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Davis Brown Intellectual Property Law Blog 

How to Properly Use Your Trademark -- Part I - June 17, 2015

Trademarks and service marks can be any word and/or symbol (or any combination thereof) that identifies or distinguishes the source of a product or service of one party from those goods or services of another party.  In order to maintain your trademark or service mark, an owner must use its mark properly in the marketplace.


Use Your Trademark or Service Mark as an Adjective


Trademarks and service marks are adjectives and should be used as adjectives in marketing and branding material. Importantly, you should never use your trademark as a noun or a verb, as this type of use can help a mark become generic. Your trademark or service mark is a company name that identifies the source of a product--it should never be used to describe your product.


Here are some good examples to use as a guide:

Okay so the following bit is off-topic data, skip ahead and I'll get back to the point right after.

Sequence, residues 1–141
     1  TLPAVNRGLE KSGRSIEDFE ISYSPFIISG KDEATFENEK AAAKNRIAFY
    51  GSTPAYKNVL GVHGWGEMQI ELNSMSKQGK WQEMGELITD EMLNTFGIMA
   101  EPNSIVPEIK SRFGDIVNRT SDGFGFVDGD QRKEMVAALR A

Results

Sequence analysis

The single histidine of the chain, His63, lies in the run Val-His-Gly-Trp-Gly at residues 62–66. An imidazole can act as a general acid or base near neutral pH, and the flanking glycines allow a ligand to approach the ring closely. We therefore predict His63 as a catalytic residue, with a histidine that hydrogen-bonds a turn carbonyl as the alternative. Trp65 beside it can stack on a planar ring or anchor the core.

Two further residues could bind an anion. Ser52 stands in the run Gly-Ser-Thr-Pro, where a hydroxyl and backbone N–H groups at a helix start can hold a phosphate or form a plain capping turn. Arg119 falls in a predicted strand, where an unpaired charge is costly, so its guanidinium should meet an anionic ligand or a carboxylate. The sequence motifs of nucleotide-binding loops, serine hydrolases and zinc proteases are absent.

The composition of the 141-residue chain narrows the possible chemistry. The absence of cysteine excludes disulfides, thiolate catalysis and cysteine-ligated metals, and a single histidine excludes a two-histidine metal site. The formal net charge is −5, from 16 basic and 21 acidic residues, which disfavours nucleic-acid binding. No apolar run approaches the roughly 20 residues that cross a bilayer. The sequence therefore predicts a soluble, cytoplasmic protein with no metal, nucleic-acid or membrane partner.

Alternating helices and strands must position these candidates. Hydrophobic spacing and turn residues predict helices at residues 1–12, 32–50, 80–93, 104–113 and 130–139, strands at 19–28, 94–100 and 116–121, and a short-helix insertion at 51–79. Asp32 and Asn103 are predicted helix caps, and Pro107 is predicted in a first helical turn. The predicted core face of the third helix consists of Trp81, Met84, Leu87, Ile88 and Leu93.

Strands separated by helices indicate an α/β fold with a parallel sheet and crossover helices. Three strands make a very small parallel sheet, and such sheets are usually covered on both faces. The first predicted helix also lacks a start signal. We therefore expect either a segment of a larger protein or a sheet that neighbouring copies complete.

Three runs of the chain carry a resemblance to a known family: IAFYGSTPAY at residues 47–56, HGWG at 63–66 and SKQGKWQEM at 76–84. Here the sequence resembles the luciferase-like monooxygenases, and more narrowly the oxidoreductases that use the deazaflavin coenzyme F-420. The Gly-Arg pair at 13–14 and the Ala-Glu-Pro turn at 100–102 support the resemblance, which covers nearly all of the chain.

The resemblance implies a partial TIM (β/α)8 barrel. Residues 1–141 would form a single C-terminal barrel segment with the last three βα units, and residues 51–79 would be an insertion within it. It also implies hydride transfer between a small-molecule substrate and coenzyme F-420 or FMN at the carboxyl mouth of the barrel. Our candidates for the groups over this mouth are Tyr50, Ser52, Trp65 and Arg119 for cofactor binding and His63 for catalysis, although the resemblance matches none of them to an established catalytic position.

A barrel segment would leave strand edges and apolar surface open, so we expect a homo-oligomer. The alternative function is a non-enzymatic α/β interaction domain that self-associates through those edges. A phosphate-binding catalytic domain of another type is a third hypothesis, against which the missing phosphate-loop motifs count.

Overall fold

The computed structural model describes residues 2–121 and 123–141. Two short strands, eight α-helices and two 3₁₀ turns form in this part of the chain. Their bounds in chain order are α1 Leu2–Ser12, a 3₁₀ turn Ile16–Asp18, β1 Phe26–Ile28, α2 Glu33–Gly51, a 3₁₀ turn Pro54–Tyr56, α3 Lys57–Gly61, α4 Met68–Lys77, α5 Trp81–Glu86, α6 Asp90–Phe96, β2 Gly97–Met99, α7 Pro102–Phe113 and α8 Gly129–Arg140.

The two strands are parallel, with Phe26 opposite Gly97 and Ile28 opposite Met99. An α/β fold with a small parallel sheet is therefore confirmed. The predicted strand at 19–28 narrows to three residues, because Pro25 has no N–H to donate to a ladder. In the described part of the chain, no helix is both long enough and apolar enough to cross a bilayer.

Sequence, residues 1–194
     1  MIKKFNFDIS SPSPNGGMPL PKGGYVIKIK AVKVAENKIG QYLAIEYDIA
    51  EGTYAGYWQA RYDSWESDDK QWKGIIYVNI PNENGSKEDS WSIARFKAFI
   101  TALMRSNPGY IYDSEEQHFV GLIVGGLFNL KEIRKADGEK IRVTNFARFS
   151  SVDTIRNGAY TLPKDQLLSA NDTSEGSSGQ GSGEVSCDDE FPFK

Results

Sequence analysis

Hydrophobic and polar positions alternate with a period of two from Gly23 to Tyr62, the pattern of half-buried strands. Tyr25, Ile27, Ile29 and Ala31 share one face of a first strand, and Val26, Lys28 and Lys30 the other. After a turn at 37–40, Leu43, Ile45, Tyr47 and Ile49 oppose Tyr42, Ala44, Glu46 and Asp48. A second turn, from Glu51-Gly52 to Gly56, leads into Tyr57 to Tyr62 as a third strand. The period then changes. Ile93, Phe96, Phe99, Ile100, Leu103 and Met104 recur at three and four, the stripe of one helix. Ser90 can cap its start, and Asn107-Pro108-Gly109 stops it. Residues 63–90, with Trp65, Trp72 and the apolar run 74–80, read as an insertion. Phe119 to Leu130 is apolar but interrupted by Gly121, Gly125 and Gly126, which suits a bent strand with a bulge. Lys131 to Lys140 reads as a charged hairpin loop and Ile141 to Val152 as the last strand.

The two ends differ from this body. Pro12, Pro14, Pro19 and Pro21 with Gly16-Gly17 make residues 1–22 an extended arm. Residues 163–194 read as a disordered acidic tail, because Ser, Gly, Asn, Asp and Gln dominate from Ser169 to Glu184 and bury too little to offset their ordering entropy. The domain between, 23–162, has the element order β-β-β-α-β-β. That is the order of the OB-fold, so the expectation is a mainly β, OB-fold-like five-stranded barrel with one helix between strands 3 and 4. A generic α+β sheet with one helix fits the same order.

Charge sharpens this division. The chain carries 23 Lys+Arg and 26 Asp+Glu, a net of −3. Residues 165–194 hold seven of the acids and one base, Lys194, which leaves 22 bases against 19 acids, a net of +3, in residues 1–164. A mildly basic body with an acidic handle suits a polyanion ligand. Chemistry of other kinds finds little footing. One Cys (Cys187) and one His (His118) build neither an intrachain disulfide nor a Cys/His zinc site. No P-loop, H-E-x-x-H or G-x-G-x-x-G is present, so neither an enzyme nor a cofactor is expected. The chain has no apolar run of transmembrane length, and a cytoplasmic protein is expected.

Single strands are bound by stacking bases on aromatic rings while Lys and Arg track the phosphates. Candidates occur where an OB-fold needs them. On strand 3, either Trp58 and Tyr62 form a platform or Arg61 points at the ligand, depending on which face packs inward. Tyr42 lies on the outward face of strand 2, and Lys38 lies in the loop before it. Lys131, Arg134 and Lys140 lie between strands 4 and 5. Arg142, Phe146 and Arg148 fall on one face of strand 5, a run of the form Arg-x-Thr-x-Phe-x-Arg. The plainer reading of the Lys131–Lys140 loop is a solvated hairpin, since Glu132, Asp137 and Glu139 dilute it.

Proper Use: 


Incorrect Use:

Use the GOOGLE search engine



I would like a STARBUCKS latte


I had a STARBUCKS today

We use a XEROX copier at work


Please XEROX this

Please pass me my CANON camera


Use the CANON for this


Trademarks are not meant to describe the actual product it is intended to identify. The justification is very similar to why you do not want to pick a descriptive trademark. The more your trademark acts to describe a product, the less likely the mark will act as a source identifier. 


Improper use of a mark is the reason several once-famous marks became generic and lost trademark status. For example, trampoline, yo-yo, elevator and corn-flakes were all trademarks at one point. Because of improper use by the owners and the public, these once-famous marks can now be used by anyone without consequence. Most importantly, upon hearing any of these words, you no longer have any ability to know the source of the product the word describes.


There is a proper way to use your trademark and proper usage of a mark is crucial to gain strength and maintain the mark as a source identifier. It is also important because it minimizes the risk a mark will become generic--i.e., not entitled to any trademark protection--or be abandoned unintentionally. The longer a trademark is in proper use, the stronger the mark becomes, and the easier it is to defend against possible infringement by third-parties.


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